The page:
Eduardo Nunez represents another option at the keystone, though he’s also seen significant time at shortstop and third base and could also be signed to play either of those positions. He’s not the greatest with the glove, but he’s posted three straight seasons of above-average offense and the 30 year old batted .313/.341/.460 with 12 homers in 114 games with the Giants and Red Sox in 2017. He projects for a 2-year deal at a slightly lower rate than Walker. A few old timers like Howie Kendrick, Jose Reyes, Brandon Phillips, and Chase Utley are also out there as well.
At the hot corner, another Royal sits atop the market. 29 year old Mike Moustakas missed most of 2016 after tearing his ACL, but returned strong in 2017 with a .272/.314/.521 slash and a Royals’ record 38 home runs in 148 games. He doesn’t walk much and didn’t grade out well at third this year, but historically he’s been a solid defender there. Moose got a Qualifying Offer, but that doesn’t figure to hold back his market much as he’s forecasted to receive a 5-year deal in excess of $80 mil.
Todd Frazier is the next best option, and he’s coming off four consecutive season with at least 27 home runs and five straight years with no less than 147 games played. His batting averages have plummeted over the past few years as he’s begun to hit the ball more in the air, but he’s still posted 4 straight years of above-average offense and is a well-regarded defender at the hot corner. The soon-to-be 32 year old is a quality player but won’t command near as much money at Moustakas. Nunez, Yunel Escobar, Trevor Plouffe, and Jhonny Peralta are among the other third baseman available.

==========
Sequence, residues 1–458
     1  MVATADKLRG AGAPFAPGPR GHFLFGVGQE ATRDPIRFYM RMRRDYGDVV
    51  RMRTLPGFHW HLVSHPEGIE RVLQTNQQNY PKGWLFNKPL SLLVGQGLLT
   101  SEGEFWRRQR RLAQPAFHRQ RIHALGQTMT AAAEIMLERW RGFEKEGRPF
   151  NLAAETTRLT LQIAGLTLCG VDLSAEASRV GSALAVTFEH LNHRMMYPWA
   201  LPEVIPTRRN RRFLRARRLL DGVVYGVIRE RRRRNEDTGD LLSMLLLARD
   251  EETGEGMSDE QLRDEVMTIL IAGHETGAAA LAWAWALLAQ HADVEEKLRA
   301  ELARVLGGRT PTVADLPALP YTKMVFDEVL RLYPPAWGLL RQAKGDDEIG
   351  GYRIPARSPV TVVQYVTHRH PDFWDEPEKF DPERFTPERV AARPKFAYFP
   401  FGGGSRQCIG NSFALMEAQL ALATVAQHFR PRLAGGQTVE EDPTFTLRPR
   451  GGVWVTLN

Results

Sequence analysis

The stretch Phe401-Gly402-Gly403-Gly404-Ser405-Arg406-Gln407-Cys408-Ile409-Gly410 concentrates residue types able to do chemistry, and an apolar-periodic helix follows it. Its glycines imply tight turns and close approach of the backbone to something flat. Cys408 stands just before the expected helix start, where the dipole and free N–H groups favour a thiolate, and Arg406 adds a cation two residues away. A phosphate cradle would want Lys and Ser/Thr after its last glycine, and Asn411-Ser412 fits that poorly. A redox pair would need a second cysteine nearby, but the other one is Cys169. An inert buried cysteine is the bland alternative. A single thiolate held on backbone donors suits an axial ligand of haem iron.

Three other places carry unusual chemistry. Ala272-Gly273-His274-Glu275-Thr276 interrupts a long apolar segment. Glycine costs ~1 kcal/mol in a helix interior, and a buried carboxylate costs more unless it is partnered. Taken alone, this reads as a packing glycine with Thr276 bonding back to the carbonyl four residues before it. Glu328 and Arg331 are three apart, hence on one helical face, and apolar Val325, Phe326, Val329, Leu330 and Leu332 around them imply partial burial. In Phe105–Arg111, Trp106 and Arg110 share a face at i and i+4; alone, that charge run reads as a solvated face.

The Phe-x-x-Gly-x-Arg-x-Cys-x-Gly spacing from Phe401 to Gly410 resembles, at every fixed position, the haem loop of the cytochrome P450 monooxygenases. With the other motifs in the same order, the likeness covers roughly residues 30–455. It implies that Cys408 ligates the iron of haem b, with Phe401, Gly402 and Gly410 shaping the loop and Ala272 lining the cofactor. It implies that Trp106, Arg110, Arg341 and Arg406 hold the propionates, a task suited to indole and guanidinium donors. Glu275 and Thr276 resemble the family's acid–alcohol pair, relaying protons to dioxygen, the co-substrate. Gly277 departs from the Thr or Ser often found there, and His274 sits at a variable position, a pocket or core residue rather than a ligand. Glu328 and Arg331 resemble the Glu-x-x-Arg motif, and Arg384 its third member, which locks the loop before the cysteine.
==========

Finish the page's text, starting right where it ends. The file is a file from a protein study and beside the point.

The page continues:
According to MLB Trade Rumors, only one shortstop ranks among their top-50 free agents on the market this winter: Zack Cozart. He’s provided an excellent glove at the six for the Reds for the last seven years, but until this season was your run-of-the-mill no-hit middle infielder. That is, until he joined the Fly Ball Revolution. Cozart slugged 24 dingers in 2017 while posting a career-best .297/.385/.548 slash. But given his track previous track record and surprising age-32 offensive breakout, the Reds didn’t even feel comfortable issuing him a Qualifying Offer. Not many teams appear to be on the lookout for shortstops this winter, and Cozart could expand his market if he’s willing to play second or third base. Even with limited options, Cozart should be able to score a nice multiyear guarantee. Nunez, Alcides Escobar, JJ Hardy, Ruben Tejeda, Erick Aybar, and Stephen Drew are other shortstop capable players out there.
The Brewers already have most of their starting infield spots spoken for, but could stand to make an addition as second base. A reunion with Neil Walker is a possibility, and Eduardo Nunez represents another attractive multi-positional option. If the team decides against tendering an arbitration contract to Stephen Vogt, backup catcher could be another position of need to address over the winter.
Statistics courtesy of Baseball Prospectus and Fangraphs